The Chairman of PBEC said the public were being placed “at risk” when coming into contact with these individuals who had been issued fraudulent certificates from the LATA. He also issued a warning to “any registered member who is involved in any criminal, unprofessional and unethical conduct to stop immediately”.
The HPCSA has reminded all institutions offering emergency care training to ensure they are accredited and operating in compliance with the education and training standards as laid out by the PBEC. The council is calling on all employers to ensure any emergency care staff who obtained certificates from LATA, and who are registered with the HPCSA, have legitimate qualifications.
The PBEC also advises medical students to contact the HPCSA to check the training centres they are attending are accredited institutions.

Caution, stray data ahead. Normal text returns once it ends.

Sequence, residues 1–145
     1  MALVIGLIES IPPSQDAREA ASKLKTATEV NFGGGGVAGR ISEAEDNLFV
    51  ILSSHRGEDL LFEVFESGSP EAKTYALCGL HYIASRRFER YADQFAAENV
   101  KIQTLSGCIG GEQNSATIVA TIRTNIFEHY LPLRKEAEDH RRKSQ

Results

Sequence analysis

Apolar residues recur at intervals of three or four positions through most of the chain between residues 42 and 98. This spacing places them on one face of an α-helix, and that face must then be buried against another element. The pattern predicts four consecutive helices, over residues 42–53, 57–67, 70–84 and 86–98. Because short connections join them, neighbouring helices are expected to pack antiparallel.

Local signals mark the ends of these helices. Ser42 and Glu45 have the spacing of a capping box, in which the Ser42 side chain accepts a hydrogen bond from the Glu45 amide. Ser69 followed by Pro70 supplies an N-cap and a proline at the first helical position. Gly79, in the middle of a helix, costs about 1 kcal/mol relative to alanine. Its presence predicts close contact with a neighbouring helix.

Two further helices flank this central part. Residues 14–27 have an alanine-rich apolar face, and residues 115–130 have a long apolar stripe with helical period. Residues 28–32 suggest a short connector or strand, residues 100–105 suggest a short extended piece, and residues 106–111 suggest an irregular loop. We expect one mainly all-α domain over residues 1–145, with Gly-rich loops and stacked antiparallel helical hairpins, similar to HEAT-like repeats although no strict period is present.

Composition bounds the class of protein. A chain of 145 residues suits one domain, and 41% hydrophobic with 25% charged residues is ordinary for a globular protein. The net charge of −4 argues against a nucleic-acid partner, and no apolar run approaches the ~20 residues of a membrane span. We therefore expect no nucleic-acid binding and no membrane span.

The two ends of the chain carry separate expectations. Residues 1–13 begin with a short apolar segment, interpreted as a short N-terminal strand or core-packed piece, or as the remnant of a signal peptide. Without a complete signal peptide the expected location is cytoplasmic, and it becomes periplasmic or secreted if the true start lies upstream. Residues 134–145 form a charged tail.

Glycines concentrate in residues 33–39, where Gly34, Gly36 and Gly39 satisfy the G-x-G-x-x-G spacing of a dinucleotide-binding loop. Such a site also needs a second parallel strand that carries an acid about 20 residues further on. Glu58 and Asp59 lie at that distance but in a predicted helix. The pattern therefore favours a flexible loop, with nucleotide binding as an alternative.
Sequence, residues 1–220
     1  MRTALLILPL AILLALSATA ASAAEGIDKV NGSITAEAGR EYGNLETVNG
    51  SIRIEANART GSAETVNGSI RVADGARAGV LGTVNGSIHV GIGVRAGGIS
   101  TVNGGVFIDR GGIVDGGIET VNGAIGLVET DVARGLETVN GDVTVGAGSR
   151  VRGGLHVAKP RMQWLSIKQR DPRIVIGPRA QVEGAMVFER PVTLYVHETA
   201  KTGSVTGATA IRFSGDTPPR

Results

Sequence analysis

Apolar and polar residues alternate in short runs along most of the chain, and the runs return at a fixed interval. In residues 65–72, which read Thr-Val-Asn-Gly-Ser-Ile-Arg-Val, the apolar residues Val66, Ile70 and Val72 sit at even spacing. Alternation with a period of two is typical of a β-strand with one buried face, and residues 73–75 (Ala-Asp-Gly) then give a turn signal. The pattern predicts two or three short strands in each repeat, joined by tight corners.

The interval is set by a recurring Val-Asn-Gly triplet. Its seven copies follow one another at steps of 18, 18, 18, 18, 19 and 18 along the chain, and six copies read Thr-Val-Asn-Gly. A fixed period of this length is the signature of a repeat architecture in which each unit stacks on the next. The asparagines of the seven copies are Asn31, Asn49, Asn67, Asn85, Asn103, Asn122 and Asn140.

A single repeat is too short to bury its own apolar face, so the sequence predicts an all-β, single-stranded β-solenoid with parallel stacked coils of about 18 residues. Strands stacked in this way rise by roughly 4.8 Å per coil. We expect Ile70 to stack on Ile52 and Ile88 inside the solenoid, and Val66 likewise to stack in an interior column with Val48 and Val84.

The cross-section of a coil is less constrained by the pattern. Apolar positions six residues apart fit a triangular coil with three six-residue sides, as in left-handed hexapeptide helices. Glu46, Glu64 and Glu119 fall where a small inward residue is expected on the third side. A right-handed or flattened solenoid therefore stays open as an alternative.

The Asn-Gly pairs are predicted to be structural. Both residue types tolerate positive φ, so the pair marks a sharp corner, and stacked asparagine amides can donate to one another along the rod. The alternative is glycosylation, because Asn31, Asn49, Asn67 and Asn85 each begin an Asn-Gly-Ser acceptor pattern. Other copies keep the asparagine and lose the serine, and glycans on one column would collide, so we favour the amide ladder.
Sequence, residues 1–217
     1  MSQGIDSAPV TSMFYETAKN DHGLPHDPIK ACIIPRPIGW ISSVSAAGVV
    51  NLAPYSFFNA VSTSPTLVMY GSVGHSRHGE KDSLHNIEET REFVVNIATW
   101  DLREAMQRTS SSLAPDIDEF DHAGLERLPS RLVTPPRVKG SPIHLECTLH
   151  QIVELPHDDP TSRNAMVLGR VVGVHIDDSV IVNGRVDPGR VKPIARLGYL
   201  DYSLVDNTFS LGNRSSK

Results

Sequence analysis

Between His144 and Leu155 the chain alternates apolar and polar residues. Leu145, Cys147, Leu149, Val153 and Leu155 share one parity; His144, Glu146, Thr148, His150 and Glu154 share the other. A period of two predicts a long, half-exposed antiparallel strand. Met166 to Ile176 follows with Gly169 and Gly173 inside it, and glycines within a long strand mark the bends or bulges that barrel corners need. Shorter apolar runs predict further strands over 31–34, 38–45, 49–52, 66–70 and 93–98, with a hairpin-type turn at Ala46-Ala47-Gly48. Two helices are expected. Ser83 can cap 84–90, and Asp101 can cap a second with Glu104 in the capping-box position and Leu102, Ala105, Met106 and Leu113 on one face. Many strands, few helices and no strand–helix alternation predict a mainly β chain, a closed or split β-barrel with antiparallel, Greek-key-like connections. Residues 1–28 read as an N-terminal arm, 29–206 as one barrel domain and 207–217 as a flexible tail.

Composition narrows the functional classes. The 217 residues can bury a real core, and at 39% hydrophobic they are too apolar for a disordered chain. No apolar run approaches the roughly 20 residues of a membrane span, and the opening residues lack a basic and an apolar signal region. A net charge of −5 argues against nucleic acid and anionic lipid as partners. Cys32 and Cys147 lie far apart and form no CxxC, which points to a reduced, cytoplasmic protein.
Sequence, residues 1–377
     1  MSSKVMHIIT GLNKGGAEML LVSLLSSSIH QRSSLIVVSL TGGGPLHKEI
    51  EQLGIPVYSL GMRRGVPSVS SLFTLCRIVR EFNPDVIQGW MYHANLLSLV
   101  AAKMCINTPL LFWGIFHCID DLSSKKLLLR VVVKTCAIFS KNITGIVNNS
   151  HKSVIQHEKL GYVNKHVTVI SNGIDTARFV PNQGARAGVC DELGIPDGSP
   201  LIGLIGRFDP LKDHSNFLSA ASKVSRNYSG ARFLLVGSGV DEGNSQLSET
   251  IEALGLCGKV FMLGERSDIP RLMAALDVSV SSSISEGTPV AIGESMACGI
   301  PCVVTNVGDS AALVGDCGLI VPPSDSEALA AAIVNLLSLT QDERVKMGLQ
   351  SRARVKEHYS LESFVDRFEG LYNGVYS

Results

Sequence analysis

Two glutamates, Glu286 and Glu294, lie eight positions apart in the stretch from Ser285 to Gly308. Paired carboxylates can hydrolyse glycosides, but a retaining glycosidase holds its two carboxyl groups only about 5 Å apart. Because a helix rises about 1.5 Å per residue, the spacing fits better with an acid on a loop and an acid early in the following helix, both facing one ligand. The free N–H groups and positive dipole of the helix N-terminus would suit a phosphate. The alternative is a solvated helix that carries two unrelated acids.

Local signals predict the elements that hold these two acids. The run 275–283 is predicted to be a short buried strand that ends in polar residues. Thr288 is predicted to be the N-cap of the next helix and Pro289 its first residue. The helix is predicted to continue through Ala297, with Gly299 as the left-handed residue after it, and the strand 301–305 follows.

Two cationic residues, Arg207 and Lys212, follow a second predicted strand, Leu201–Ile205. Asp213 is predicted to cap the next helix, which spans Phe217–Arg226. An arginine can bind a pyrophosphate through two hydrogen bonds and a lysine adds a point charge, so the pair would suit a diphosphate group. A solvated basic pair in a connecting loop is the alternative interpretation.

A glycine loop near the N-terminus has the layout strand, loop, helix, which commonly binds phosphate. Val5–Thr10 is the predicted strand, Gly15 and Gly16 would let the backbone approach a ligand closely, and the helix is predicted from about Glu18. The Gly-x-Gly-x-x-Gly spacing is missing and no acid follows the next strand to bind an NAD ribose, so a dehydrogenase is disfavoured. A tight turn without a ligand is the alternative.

Following on from the investigation, the PBEC also raised separate concerns about:
- The quality case provided by ambulance crews
- Submission of fictitious claims
- Practitioners practising outside their scope of practice
- Photographs being taken at accident scenes and distributed across social media websites
- Strike action, which is strictly prohibited for emergency care workers.
For more information visit: www.hpcsa.co.za